Photovoltaic systems are fairly simple. They consist primarily of photovoltaic panels, an inverter and the necessary wiring to connect these devices into your home’s electric system.

Solar panels absorb energy from the sun by way of a semiconductor (typically silicon) and generate a direct current electrical source. An inverter is used to convert the source to an alternating current source.

The estimated life span is about 25 years or longer.

The amount of sun available to generate energy in your area will vary, depending on latitude (sun angle), cloud cover and a clear path to the sun. Some of the considerations include: south-facing roof structure, age/condition of your roof and trees or other structures that may cause shading. Georgia averages about four to five hours of sun per day. You will need to consider several factors and consult one of our recommended solar contractors to learn if your home is suitable for a solar installation

Yes. Homeowners should comply with their neighborhood HOA policies and covenants. It is best to check if your HOA allows solar panels before proceeding with an installation.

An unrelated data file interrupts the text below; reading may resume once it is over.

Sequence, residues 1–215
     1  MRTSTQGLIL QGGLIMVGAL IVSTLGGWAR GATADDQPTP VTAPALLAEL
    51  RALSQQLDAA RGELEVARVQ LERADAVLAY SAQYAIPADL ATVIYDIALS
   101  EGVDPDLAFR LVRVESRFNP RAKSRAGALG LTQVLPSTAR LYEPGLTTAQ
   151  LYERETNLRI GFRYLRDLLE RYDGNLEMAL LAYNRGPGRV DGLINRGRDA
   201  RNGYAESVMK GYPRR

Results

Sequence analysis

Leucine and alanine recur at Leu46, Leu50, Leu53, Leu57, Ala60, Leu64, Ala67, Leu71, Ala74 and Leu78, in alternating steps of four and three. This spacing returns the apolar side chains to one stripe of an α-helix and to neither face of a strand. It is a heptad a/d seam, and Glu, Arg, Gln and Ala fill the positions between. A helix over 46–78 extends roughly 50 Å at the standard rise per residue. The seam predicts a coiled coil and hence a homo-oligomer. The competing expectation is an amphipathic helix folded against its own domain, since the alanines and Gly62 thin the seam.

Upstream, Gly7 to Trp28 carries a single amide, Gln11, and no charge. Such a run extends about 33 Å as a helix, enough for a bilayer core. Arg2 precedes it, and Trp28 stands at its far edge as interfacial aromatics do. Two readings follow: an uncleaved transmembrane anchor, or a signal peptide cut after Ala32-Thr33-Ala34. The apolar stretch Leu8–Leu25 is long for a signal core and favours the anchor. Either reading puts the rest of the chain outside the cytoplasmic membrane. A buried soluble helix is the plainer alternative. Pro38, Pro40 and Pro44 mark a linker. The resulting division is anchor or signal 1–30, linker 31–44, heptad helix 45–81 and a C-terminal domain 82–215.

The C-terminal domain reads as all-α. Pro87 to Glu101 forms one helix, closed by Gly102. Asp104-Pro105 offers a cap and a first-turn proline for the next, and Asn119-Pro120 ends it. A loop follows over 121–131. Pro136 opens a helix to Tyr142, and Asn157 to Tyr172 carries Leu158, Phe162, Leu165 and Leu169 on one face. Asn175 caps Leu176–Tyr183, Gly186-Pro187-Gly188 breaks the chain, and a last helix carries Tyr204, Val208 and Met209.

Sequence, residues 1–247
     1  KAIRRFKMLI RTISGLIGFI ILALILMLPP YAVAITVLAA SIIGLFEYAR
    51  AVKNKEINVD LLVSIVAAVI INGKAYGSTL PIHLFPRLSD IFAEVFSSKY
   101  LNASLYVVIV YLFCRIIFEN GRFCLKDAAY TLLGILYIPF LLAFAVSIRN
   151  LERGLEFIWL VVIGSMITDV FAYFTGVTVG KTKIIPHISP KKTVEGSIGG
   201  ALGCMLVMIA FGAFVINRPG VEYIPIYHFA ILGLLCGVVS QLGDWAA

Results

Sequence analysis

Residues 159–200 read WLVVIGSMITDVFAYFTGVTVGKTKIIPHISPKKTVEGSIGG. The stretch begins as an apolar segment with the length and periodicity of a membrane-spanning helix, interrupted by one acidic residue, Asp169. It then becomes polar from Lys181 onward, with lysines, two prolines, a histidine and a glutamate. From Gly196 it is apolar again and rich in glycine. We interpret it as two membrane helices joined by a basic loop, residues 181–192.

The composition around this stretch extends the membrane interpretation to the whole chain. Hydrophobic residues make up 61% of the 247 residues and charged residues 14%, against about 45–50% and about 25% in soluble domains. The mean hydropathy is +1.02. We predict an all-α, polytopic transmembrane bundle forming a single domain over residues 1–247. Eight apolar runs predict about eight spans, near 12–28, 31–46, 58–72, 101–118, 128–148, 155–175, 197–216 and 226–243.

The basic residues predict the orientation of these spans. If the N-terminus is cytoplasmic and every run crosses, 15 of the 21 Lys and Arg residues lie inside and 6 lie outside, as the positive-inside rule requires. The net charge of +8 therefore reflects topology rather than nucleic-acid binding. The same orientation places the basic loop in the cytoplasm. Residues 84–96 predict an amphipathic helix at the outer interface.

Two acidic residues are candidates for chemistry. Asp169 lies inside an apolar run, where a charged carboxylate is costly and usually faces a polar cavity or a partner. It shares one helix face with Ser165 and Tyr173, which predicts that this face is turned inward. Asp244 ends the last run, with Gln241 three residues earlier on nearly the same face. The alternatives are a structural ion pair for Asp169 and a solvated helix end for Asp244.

If you are thinking about getting solar for your home, you can complete the project via leasing or purchasing. With a lease, there is little to no money down upfront, you can typically get approved with lower credit scores, and you still support clean energy. However, be aware that most solar leases place a lien on your home which impacts resale value. You could also end up paying more for the solar panels than you would if you purchased them up front. You are also ineligible for solar tax credits when you lease, as the contractor typically receives this benefit. With a solar purchase, you maintain full ownership of the panels and can reap these benefits. You may purchase them outright or through financing. Cobb EMC and Go Energy Financial offer a fast and economical way to finance solar projects for Cobb EMC members.